By Robert Redford | The Huffington Post
Monday, March 04, 2013
Mr. Secretary, I am disappointed. I thought that we all understood that to fight climate change, we have to be able to say "no" to dirty energy projects. Our friends around the world are looking to us for climate leadership and it starts with drawing the line at tar sands expansion. It also means that we need to give health and environment a fair shake in the environmental review of a dirty energy project such as the Keystone XL tar sands pipeline. Yet the draft environmental review prepared by the State Department for Keystone XL misses what folks in industry themselves are saying: the Keystone XL project is necessary for expansion of tar sands. We know this means that Keystone XL will make climate change worse.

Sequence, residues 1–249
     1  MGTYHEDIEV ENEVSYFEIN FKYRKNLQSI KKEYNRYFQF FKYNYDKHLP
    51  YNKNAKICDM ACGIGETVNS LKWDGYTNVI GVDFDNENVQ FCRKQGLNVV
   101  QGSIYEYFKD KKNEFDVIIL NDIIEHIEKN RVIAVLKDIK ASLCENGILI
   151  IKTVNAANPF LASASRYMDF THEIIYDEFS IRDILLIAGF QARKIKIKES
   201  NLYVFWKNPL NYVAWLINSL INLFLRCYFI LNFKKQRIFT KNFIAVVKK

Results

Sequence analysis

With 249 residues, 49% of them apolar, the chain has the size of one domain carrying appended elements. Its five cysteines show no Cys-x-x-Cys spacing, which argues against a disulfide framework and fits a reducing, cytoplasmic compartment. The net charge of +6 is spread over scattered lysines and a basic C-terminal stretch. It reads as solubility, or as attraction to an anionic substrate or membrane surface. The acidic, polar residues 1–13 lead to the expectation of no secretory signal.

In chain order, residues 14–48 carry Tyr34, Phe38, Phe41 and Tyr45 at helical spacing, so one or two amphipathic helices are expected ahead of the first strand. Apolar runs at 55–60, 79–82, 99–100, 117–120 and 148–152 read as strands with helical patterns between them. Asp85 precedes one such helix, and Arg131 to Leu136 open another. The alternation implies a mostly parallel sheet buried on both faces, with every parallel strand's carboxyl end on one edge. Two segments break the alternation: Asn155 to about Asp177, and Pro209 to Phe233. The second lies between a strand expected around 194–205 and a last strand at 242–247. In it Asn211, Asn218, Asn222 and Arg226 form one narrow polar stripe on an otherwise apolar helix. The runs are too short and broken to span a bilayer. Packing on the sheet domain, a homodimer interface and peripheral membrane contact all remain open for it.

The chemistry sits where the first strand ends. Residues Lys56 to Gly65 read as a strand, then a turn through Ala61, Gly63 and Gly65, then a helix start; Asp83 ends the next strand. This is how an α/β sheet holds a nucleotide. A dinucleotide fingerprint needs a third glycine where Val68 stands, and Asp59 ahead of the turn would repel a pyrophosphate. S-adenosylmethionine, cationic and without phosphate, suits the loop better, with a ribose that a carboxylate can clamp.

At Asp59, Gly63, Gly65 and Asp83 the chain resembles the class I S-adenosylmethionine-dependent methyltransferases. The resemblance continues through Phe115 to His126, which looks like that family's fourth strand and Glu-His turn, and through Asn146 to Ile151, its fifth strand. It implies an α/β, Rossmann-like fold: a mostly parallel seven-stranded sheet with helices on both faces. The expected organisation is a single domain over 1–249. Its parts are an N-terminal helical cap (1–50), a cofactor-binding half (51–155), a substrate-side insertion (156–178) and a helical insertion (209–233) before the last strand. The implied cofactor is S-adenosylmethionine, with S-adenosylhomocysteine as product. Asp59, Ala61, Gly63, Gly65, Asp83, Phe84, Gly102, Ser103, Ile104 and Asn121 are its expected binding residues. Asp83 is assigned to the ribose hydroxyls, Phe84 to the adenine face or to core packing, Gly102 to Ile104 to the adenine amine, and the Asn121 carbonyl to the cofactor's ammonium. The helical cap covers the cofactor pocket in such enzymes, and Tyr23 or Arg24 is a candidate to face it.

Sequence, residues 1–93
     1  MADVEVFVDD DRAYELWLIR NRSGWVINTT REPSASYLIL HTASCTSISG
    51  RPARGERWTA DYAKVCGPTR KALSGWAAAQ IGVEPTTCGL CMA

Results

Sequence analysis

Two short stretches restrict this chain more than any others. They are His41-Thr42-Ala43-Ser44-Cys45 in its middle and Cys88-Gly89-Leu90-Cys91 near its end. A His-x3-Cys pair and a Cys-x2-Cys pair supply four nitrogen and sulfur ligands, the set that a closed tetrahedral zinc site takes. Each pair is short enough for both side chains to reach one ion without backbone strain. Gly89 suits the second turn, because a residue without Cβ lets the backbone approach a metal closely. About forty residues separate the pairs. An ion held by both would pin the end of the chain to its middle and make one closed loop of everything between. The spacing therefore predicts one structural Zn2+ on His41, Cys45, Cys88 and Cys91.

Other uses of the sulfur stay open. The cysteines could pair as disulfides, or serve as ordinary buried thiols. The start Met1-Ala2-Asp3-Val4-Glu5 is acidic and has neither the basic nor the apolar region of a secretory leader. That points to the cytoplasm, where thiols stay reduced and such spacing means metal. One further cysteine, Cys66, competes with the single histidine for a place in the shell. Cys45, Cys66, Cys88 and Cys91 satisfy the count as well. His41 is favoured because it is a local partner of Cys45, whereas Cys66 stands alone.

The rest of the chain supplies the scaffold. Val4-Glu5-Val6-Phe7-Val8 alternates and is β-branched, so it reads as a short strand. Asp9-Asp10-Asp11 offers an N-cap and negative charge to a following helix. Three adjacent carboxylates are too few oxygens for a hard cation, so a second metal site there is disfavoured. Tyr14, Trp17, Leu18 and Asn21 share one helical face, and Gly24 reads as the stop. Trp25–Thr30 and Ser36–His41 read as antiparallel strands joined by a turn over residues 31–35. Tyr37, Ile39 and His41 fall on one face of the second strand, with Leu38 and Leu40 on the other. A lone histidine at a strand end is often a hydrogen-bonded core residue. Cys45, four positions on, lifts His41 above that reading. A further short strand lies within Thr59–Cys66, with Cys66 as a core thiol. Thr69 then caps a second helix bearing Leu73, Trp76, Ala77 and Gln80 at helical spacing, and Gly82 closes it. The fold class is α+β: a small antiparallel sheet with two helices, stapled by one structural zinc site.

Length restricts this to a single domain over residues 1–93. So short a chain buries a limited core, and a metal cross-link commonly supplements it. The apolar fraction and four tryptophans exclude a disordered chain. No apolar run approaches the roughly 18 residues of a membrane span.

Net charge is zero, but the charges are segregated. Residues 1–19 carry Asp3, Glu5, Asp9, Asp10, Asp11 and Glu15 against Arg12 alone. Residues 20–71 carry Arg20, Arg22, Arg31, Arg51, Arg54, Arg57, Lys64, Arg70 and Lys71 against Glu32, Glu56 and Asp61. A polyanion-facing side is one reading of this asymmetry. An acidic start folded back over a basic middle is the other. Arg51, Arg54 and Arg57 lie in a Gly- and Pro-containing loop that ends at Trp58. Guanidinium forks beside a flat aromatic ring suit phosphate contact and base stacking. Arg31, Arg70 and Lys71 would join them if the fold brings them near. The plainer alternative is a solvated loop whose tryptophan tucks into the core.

Once again, the State Department acknowledges that tar sands are dirtier than conventional oil and will make climate change worse. So how, can it then not tell us about what this means for our climate? Somehow, the State Department claims that tar sands will be developed anyway so it doesn't need to look at the harm done by expansion. This just doesn't make sense. Our friends in British Columbia are saying no to tar sands pipelines to the west coast. Our friends in eastern Canada and New England are saying no to tar sands pipelines to the east coast. Rail is a pretty expensive alternative. What is left? Keystone XL's path to the Gulf Coast.
But don't just listen to me. Let's look at what some of the industry's own experts are saying.